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and global scales, particularly as they affect ecosystems and biogeochemical cycles and the human consequences of environmental change. Improving methods for decision making about global change. Research should improve ways of estimating nonmarket values of environmental resources, incorporating these values into national accounts, representing uncertainty to decision makers, and structuring decision making procedures and techniques of scientific analysis so as to bring formal analyses together with judgments and thus better meet the needs of decision making participants. Improving the integration of human dimensions research with other global change research. Human dimensions research supports each of the other fields of scientific research on global change and also addresses key crosscutting issues. It requires focused and coordinated support that draws on the strengths of both disciplinary and interdisciplinary approaches and that takes advantage of value added by international collaborations. Improving geographic links to existing social, economic, and health data. Human dimensions data systems benefit from adding geographic information to ongoing social data collection efforts, with appropriate safeguards for confidentiality. The effectiveness of these data systems depends on adequate and stable support. The time is ripe for a careful review of the observational needs for human dimensions research, with careful attention to the ability to link to other observational systems. Introduction Study of the human dimensions of global environmental change encompasses analysis of the human causes of global environmental transformations, the consequences of such changes for societies and economies, and the ways in which people and institutions respond to the changes. It also involves the broader social, political, and economic processes and institutions that frame human interactions with the environment and influence human behavior and decisions. Significant among these are the processes and institutions that use scientific information about environmental processes and human-environment interactions as inputs to human choices that alter the course of those processes and interactions. Thus, one of the human dimensions of global change involves the practical use of scientific information and the issue of how to make such information more useful for decision making. Beginning with a focus on climate change, human dimensions research is expanding to address changes in biodiversity, land and water, pollution, and other globally significant resources and to draw on the extensive literature that addresses human-environment interactions. Human transformations of the global environment have a long history. Table 7.1 shows that, since 1700, human activity has converted 19 percent of the world's forests and woodlands to cropland and pasture. This shift has altered bio-
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TABLE 7.1 Changes in Land Cover, 1700 to 1980 Land Cover Type Area in 1700 (millions of hectares) Area in 1980 (millions of hectares) Forest and woodlands 6,215 5,053 Grassland and pasture 6,860 6,788 Croplands 265 1,501 SOURCE: Adapted from Richards (1990). Courtesy of Cambridge University Press. geochemical cycles, land surface characteristics, and ecosystems so much that the Earth system itself has changed significantly. Human activity, especially fossil fuel consumption since the Industrial Revolution, is also responsible for substantial increases in atmospheric concentrations of such gases as carbon dioxide and methane. These increases (see Table 7.2) are mostly associated with the per capita consumption of fossil fuels and growth of the human population; deforestation and the production of cement, livestock, and rice for human consumption; the disposal of wastes from human settlement in landfalls; and increased use of fertilizers and industrial and agricultural chemicals. The likely consequences of these gas emissions include a warming of the global climate and a reduction in stratospheric ozone. Such human activities have accelerated rapidly in recent decades. Between 1950 and 2000 the world's population will have increased from 2.5 billion to more than 6 billion people. Total energy consumption increased from 188,000 petajoules annually in 1970 to almost 300,000 petajoules in 1990, and per capita energy consumption increased from about 50 to 57 gigajoules.1 Between 1970 and 1990, global forest area decreased by 6 percent, irrigated area increased by almost 40 percent, number of cattle increased by 25 percent, and use of chemical fertilizers doubled.2 TABLE 7.2 Greenhouse Gas Concentrations, Preindustrial Age to 1984 Greenhouse Gas Preindustrial Age 1994 1990s Rate of Change per Year (%) CO2 280 ppmv 358 ppm 0.4 CH4 700 ppbv 1,720 ppb 0.6 N20 275 ppbv 312 ppb 0.25 CFC11 0 ppt 268 ppt 0 (HCFC 5%) NOTES: ppmv, parts per million (volume); ppbv, parts per billion (volume); pptv, parts per trillion (volume). SOURCE: Intergovernmental Panel on Climate Change (1996b). Courtesy of the IPCC.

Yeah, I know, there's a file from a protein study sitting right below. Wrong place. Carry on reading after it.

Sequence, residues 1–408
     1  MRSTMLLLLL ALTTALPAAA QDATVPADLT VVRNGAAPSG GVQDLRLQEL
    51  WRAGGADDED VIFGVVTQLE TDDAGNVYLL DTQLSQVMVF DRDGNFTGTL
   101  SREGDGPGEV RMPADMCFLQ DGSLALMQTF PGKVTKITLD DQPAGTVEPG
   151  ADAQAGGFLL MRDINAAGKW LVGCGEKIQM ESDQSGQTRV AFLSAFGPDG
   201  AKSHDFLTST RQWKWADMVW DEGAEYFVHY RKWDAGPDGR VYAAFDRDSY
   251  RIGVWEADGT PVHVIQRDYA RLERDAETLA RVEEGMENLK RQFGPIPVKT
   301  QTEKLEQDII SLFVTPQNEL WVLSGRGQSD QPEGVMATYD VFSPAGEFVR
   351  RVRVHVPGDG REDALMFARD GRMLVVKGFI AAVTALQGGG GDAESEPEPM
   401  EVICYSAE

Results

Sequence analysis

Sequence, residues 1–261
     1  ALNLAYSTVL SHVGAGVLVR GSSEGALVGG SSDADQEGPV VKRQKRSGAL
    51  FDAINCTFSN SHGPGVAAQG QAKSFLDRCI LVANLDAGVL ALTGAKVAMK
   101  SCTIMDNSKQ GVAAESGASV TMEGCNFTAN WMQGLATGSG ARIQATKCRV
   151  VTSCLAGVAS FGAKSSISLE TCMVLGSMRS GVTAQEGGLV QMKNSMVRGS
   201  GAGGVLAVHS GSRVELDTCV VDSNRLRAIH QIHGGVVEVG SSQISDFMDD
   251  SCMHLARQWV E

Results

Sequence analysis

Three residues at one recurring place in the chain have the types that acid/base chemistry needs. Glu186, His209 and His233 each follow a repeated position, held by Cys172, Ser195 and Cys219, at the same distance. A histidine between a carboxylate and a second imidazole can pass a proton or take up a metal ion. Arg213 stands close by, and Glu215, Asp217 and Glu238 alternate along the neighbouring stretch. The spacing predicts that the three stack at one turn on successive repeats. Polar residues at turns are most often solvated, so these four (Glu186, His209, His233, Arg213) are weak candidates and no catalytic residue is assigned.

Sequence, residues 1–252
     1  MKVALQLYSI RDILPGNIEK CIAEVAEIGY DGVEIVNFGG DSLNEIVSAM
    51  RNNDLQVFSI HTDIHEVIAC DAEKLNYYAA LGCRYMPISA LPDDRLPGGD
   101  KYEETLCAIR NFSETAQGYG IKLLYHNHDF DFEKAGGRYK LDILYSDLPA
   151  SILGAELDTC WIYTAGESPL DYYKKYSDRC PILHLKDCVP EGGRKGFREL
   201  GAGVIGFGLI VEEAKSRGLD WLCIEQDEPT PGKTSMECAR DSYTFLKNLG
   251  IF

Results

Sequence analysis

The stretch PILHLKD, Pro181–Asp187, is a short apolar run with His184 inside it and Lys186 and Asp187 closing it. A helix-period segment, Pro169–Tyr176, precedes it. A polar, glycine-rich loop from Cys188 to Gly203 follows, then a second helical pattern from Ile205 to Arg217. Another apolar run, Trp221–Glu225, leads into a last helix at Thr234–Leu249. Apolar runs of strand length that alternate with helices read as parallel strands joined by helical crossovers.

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These changes, which have altered global environmental parameters, are also associated with improved quality of life for many people: average life expectancy has increased 40 percent since 1955—from 47.5 years then to 65 years in 1995—and infant mortality decreased 60 percent—from 155 deaths per 1,000 in 1955 to 60 in 1990.3 The rising global averages of per capita energy use, life expectancy, and infant mortality subsume vast disparities. People do not all contribute equally to global change nor benefit equally from progress. The processes determining these changes, sometimes called driving forces, also differ substantially across regions and populations, affecting future trends in both environmental quality and human well-being. Regional differences in rates of environmental transformation reflect variations in the human driving forces of global change. In the case of greenhouse gas emissions the increase in coal production in China from 7,400 to 21,700 petajoules from 1970 to 1990 represents a doubling of per capita energy consumption due to economic development and national policies. In Mexico oil production grew from 980 to 6,046 petajoules over the same period, reflecting a doubling in per capita energy consumption, significant population growth, and national development policy choices to increase the export of oil. A loss of 40 million hectares of forest in Brazil since 1970 has significant implications for tropical biodiversity, as do losses of almost 10 million hectares each in Indonesia, Thailand, and Mexico. These trends in deforestation result from different combinations of population growth, migration, and economic and policy forces.4 A major focus of human dimensions research is explaining patterns and changes in the rates of environmental transformation in terms of driving forces that act globally, regionally, and at the level of responsible decision makers. The impacts of global change on societies and economies are expected to increase greatly in the next century. For example, much of the global change that will eventually result from past human activities has yet to occur, and current trends in these activities portend potential large increases in global change. As the major climatic changes lie in the future, so do their implications for humanity. This may also be true for the human consequences of ecological transformations now occurring through deforestation and other anthropogenic land cover changes. Thus, another major focus of human dimensions research is estimating the social and economic consequences of anticipated global environmental changes. This research integrates information about anticipated environmental changes with information on the social parameters that determine the impact of those changes: demand for affected natural resources, vulnerability of geographical regions and social groups to particular environmental changes, and the potential for adaptive response. In addition, human dimensions research addresses the workings of social systems that manage environmental resources—markets, property rights regimes, treaties, legal and informal norms, and so forth—and the potential to modify those institutions through policy and thus to mitigate global change or increase adaptive capability.